Alumni Profile: Katy Wherry
Just Take the Risk and Try
There is an impetus within entrepreneurs. They grab opportunities, responding to existing or unmet needs. Sometimes their ideas propel them to meet a demand for something that does not yet exist. As an entrepreneur, Katy Wherry (BM ’11) has done both impressively. She is someone who takes the initiative, makes uncanny connections, and puts herself into situations where success can happen.
Katy started playing the flute around age ten. The instrument didn’t have a noticeable presence in her life until hearing Sir James Galway perform with the Colorado Symphony while in her mid-teens. She was inspired by how this performer and his paying could affect so many people. “From that moment,” says Katy, “Playing the flute was what I wanted to do.” Signing autographs at the end of the concert, Sir Galway asked her why she wanted to play the flute. Without blinking, the teenager said, “Someone’s got to take your place someday.” He loved her reply, gave her his email address and told her to keep in touch. It was a meeting that would change her life.
Galway did stay in touch, inviting her to his master classes in Switzerland, something she did nine times. She heard some of the best flutists in the world, and she made connections that she still maintains today. The experience gave her more evidence that the flute was going to be central to her life.
Katy began her studies at Lamont thinking she would audition for orchestras. While she had an “amazing experience” studying with Pamela Endsley, practicing excerpts was uninspiring. So she broadened her studies, joining the Steel Drum Ensemble under Tom Miller and studying improvisation with Art Bouton. She learned there are many things one can do through branching out – although she kept practicing her excerpts! “Playing these other styles of music opened up my understanding of how to practice and play these orchestral excerpts in a way that was so much more connected and joyful,” she says. Katy remains stylistically versatile today playing classical, jazz, rock, electronic, and open improvisational music.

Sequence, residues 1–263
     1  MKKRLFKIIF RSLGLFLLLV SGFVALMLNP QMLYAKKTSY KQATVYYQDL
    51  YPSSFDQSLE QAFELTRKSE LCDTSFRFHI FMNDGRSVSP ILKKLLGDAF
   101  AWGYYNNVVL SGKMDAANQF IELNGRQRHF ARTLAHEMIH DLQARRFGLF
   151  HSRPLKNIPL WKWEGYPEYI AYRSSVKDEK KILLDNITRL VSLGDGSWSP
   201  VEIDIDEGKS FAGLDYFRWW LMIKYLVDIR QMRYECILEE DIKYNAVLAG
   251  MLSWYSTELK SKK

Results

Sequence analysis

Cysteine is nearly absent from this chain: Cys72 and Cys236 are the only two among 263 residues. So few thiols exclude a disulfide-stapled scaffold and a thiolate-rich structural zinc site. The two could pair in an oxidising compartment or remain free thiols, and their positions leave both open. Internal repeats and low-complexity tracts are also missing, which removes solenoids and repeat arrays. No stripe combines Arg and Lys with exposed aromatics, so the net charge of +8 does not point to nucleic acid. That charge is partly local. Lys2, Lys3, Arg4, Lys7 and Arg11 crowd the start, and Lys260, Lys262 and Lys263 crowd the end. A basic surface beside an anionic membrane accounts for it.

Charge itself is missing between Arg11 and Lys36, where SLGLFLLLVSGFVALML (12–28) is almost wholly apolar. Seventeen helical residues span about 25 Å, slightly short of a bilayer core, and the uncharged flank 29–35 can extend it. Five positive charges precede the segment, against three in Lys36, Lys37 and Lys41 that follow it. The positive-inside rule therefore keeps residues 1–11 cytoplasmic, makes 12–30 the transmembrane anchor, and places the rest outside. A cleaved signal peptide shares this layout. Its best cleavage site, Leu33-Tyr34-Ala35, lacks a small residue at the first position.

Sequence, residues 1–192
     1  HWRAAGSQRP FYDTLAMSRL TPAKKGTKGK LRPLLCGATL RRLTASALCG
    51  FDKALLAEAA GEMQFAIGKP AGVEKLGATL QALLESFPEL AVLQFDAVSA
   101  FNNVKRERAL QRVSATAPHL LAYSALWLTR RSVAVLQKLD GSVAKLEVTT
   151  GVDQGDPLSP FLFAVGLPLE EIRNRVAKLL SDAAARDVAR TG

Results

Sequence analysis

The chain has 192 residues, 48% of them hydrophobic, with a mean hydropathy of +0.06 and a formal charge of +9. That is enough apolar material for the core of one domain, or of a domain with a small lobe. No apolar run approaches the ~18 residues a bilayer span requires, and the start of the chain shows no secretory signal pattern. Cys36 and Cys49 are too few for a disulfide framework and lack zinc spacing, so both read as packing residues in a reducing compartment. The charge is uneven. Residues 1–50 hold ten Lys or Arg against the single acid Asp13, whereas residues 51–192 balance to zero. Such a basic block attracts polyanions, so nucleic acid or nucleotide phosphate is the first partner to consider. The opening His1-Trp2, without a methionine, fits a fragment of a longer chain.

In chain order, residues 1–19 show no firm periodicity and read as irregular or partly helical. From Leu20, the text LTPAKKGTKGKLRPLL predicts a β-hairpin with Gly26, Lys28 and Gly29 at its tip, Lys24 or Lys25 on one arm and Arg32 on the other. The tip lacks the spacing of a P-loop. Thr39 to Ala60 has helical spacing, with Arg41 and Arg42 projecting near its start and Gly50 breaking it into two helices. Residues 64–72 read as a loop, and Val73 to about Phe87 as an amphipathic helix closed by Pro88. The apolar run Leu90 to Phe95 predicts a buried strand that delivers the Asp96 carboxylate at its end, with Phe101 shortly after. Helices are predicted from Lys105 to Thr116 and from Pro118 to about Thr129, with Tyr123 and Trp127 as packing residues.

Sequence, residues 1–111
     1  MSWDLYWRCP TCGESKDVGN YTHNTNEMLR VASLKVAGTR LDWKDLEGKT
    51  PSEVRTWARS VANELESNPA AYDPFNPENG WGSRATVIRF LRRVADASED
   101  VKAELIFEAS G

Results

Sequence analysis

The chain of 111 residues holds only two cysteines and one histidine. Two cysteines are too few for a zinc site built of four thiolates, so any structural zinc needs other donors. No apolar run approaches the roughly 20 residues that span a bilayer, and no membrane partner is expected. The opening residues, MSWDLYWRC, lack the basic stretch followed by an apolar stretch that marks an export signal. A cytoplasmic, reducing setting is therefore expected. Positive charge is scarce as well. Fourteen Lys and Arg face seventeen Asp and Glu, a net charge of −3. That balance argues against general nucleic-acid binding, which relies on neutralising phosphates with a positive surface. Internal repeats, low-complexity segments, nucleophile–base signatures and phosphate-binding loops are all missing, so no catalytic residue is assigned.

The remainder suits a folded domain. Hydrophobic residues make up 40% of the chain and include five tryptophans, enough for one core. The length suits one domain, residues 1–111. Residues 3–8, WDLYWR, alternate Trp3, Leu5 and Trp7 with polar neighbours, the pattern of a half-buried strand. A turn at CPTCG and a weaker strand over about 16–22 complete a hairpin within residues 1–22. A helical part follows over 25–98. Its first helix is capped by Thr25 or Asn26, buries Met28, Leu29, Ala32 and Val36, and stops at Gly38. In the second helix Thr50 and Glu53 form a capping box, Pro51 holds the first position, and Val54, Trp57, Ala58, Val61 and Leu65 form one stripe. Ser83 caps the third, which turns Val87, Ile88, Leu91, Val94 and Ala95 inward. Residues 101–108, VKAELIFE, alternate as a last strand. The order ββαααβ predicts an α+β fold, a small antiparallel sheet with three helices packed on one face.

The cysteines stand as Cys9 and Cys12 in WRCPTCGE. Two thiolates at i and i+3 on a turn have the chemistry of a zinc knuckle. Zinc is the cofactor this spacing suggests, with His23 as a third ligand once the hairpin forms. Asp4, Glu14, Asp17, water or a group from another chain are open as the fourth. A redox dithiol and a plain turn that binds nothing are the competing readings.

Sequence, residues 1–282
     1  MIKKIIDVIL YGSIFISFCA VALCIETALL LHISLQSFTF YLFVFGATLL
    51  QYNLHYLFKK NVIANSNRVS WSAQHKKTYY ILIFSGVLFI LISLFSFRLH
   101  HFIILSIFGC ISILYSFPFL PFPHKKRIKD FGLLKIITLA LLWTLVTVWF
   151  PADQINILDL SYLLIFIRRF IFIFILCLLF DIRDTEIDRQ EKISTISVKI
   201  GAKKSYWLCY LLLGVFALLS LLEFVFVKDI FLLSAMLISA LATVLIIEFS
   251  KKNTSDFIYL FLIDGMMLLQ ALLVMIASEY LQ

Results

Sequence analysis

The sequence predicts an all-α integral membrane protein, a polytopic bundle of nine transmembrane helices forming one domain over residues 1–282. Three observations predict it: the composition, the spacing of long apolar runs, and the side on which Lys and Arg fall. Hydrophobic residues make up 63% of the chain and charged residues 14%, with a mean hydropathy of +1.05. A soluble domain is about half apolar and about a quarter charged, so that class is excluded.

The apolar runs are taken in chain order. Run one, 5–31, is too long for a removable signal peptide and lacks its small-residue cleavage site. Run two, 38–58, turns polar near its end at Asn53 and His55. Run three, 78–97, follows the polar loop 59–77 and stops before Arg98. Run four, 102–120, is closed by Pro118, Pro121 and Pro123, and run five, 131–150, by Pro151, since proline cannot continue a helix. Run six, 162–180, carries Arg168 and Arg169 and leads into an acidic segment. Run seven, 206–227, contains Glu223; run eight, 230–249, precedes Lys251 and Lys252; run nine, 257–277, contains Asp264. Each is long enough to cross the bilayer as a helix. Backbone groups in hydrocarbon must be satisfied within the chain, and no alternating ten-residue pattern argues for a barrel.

It was her third trip to Sir Galway’s classes when opportunity knocked. Sir Galway learned of her skills with technology, something that developed from years working at Apple stores. She ended up working for his organization for five years managing its social media and flute festivals, building the website, doing graphic design for posters, and traveling the world. Building that website led to building those for flutists Maria Piccinini and Paula Robison.
In 2015, after finishing her masters’ degree from the University of Colorado Boulder, she founded Etude of the Week on Facebook as a way to stay motivated and keep practicing. The group started with 10-15 colleagues meeting every week. After the first year, there were 1,000. Now it has almost 9,000 followers from almost 200 countries! The group explores repertoire ranging from Böhm caprices to works by Carmen Mirulanda. It also has inspired spinoffs: Saxophone Etude of the Week, Clarinet Etude of the Week.
Success of the etude group inspired her to found For the Love of Flute. She noticed that adult amateurs who had chosen to do something outside of music felt “unseen” and “not safe” playing for others. There seemed to be no space for those between professionals and young beginners. “It’s become a purpose for me to try to backtrack, help people fix that idea,” she says. “The more people who play music because they love it, the better the world is. Many people have told me that they have never felt so seen, so safe; you don’t have to pretend to be better than you are. There is such a deep need for connection and overcoming judgment of fear and failure.” Her company has been a life-changing experience for Katy. The flute, that instrument she fell in love with as a teenager, is now a vehicle for self-discovery and connecting with people.
What advice does Katy have for Lamont students? “Show up and be nice to people. You never really know what connections are going to stick or where things are going to lead. I also think it’s about trusting yourself. So often we wait for things to be perfect, or we tell ourselves that ‘I can’t do this until I do this.’ We hold ourselves back. Instead, just take the risk and try! Then see what happens. We think we know how things are going to be, but it never works out that way.”
Katy has settled in her native Denver (“I’m a mountain girl”) building her online business, subbing in the Colorado Symphony, performing in Gamelan Tunas Mekar, and more. (There was a stretch when she lived in Boston for a few years, working as a sales representative for Flutistry Boston.) She teaches often at a festival in the Netherlands every summer and runs Maria Piccinini’s festivals in Switzerland in June. A trip to Shanghai is planned for August.
“It’s been an amazing journey,” she says. “I’ve had wonderful opportunities.” Congratulations, Katy, on your bold entrepreneurial spirit that has made so much of it possible!